The danger of this latter situation was underscored last month when an Australian company called Quantum Fertiliser, a subsidiary of the multinational Incitec Pivot, admitted that it had been deceived into accepting 15 million dollars’ worth of cargo from Iran, after it was transported to China and then loaded onto a second ship to mask its origins.
It is perhaps in the interest of impeding further such deceptions that the US State Department announced new measures last week aimed at impeding the operation of an “oil-for-terror” network associated with the Revolutionary Guards. As part of this effort, Washington announced that it is prepared to pay up to 15 million dollars for any information that aids in disrupting the IRGC’s financial operations.
Although Brian Hook, the State Department’s special representative for Iran, declined to specify a type of scenario that might lead to a payout, one journalist at his briefing offered the example of a dock worker in some third country noticing that cargo is being moved from ship to ship after possibly originating in Iran.
While seemingly encouraging the international community to help expose Iran’s illicit transfers, the US government is also urging prospective oil buyers to be on guard against such deceptions, lest they incur penalties for doing business with the Islamic Republic. On Sunday, Sigal Mandelker, a Treasury official in charge of enforcing sanctions on terrorist financing, reiterated that the US is prepared to sanction any buyers of Iranian oil and that no further waivers on such sales will be offered. Previous waivers for eight top importers of Iranian oil expired in May, leading to a precipitous drop in Iran’s oil sales, and knock-on effects upon the entire economy.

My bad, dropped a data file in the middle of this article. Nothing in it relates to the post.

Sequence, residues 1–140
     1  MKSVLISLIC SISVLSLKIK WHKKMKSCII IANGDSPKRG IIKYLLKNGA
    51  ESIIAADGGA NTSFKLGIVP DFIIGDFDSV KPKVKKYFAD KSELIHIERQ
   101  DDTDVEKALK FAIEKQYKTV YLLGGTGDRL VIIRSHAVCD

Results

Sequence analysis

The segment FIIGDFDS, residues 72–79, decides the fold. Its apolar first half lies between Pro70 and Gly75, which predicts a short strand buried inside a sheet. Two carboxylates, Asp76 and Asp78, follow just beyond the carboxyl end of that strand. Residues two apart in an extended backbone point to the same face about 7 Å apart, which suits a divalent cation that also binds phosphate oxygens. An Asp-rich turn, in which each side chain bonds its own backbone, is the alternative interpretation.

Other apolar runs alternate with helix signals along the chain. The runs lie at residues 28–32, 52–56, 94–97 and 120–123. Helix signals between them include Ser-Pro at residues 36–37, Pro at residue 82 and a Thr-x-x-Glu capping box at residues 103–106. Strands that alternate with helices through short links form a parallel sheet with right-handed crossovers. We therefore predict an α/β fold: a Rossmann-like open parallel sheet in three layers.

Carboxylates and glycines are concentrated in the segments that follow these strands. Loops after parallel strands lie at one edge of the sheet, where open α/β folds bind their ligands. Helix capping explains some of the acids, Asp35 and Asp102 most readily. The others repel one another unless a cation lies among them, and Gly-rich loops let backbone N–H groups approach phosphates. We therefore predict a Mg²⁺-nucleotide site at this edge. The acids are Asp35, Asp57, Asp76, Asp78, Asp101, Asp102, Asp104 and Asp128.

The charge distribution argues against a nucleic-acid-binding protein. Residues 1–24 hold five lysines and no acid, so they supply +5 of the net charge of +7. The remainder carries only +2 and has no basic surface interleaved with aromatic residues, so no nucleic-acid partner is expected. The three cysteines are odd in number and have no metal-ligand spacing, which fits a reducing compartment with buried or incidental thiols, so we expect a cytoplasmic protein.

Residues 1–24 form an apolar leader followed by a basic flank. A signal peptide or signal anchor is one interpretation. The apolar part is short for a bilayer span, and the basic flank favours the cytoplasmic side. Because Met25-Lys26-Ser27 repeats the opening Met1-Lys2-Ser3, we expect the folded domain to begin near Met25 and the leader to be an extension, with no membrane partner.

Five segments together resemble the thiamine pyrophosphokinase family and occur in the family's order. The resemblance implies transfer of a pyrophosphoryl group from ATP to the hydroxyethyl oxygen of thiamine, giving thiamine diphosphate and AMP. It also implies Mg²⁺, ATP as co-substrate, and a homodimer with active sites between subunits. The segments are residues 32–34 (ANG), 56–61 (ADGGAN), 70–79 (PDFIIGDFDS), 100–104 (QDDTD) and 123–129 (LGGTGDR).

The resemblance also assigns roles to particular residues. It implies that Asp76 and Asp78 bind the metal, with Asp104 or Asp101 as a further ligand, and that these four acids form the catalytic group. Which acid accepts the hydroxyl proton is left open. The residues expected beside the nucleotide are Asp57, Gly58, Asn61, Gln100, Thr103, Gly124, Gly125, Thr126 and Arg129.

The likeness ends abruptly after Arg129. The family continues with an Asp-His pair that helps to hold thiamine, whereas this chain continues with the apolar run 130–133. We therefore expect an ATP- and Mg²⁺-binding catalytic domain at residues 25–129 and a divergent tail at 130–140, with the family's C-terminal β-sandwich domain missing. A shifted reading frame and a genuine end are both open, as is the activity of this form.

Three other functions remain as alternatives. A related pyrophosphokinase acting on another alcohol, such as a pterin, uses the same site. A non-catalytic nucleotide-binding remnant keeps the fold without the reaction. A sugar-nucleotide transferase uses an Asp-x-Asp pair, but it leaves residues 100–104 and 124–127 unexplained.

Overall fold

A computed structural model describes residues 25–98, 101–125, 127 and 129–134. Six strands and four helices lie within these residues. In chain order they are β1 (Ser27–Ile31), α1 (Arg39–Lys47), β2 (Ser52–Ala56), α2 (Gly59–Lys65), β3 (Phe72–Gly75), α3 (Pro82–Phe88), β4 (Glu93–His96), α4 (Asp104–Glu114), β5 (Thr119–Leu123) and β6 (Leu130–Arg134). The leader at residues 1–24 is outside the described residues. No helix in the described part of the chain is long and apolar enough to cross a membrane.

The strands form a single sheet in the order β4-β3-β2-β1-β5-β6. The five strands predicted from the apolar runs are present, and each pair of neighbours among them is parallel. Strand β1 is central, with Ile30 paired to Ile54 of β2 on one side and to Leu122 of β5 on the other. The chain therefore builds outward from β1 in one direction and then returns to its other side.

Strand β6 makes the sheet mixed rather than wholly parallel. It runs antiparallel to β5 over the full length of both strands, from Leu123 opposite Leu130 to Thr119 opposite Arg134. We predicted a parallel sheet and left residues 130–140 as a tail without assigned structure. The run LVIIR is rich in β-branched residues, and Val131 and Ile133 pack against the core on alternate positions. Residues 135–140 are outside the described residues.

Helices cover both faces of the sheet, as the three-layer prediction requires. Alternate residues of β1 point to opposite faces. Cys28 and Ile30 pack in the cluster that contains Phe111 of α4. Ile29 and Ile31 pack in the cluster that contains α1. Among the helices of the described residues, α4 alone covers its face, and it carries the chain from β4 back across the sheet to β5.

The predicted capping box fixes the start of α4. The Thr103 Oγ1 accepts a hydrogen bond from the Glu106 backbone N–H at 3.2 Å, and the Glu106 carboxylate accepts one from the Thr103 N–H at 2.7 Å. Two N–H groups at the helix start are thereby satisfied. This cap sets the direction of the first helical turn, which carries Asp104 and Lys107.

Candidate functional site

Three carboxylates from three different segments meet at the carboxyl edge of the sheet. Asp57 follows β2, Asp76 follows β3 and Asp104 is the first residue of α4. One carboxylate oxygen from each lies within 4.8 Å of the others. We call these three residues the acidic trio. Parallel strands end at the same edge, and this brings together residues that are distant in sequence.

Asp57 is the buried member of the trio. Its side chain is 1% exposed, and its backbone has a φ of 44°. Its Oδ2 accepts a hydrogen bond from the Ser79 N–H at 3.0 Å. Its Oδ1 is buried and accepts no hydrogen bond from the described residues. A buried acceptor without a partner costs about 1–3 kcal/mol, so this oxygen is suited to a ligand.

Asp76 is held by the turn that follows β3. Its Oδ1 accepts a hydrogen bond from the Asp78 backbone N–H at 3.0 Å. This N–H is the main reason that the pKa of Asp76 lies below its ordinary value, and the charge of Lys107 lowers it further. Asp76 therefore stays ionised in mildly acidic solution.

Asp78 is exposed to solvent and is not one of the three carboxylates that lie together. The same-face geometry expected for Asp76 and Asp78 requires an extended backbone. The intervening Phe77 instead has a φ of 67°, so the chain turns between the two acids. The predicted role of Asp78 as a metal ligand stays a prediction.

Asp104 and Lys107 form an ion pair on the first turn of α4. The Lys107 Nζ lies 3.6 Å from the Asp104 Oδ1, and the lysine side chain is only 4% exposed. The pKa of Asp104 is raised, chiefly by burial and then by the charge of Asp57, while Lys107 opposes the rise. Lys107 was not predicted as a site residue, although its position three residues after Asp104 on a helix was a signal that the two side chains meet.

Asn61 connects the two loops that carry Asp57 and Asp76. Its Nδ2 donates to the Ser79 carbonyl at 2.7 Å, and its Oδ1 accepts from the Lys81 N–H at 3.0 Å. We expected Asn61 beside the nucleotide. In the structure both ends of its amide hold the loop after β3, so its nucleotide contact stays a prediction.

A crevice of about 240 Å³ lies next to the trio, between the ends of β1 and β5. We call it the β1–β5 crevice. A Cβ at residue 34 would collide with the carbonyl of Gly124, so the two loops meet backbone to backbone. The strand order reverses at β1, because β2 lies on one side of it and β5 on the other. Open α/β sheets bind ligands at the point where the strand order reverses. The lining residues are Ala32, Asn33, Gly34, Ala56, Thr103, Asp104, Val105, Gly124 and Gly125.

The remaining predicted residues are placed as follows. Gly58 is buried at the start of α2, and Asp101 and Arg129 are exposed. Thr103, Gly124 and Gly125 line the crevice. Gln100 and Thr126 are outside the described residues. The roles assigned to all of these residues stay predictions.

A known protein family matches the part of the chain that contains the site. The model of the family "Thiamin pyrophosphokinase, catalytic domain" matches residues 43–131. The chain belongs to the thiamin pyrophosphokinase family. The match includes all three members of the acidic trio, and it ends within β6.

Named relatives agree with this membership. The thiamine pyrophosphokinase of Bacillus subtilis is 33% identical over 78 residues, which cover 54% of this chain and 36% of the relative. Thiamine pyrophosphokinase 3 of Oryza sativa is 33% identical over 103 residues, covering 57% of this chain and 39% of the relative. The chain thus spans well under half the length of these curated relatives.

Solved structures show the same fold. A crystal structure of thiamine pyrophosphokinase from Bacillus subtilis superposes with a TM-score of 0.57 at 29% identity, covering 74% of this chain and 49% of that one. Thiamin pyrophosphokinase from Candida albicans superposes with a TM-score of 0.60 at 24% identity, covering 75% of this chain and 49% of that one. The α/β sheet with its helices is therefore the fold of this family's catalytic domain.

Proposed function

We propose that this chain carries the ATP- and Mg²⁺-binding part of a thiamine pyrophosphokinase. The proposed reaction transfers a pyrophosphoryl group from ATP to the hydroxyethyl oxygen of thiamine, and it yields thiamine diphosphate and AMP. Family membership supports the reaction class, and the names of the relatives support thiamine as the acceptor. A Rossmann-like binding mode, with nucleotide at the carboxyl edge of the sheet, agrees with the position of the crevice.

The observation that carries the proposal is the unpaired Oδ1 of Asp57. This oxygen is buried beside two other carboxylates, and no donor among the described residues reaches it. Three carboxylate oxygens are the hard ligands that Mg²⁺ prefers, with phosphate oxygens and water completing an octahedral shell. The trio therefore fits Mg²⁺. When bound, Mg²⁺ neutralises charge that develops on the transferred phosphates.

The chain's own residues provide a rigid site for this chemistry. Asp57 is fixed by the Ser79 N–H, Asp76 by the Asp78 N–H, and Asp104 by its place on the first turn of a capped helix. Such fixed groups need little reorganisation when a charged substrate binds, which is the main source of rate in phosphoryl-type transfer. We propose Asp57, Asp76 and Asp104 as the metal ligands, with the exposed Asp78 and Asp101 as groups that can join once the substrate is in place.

But the Foreign Ministry’s claims regarding the successful sale of the Adrian Darya’s cargo raised new questions about the extent of the past few months’ declines. It is widely acknowledged that public compliance with the US sanctions has led to Iran losing somewhere between 80 and 90 percent of its petroleum export opportunities. But this does not necessarily account for the mitigating effects of illicit sales, and the extent of those sales is difficult to determine.
According to a recent report by SF Gate, shipping logistics companies have been following the various techniques employed by Iranian operators to deceive international tracking infrastructure. In some instances, analysis of those tactics leads to the exposure of sanctions-busting efforts, but inevitably some illicit merchandise slips through the cracks. As such, estimates for the actual average export of Iranian oil ranges from no more than the officially-recorded output of roughly 300,000 barrels per day, all the way to more than one million.
However, the same report also notes that in many cases, ongoing sales only constitute credit-based purchases which place the petroleum into bonded storage, where it is still technically owned by the Islamic Republic, potentially until such time as US sanctions are lifted. Consequently, much of the Iranian oil that is currently being transported secretly around the world are filling up storage both on land and at sea, thereby allowing Iran to continue producing oil, but only temporarily.
Once this storage is all filled up, Iranian exporters will truly be limited to those few entities, largely in Syria and China, that are willing to engage in secretive cash transactions with the Islamic Republic while accepting the risk of new American penalties. In this way, the full effects of US sanctions on the Iranian oil industry have not yet been incurred, and the country’s overall output may be on the verge of another sharp decline, regardless of occasional sales by ships like the Adrian Darya.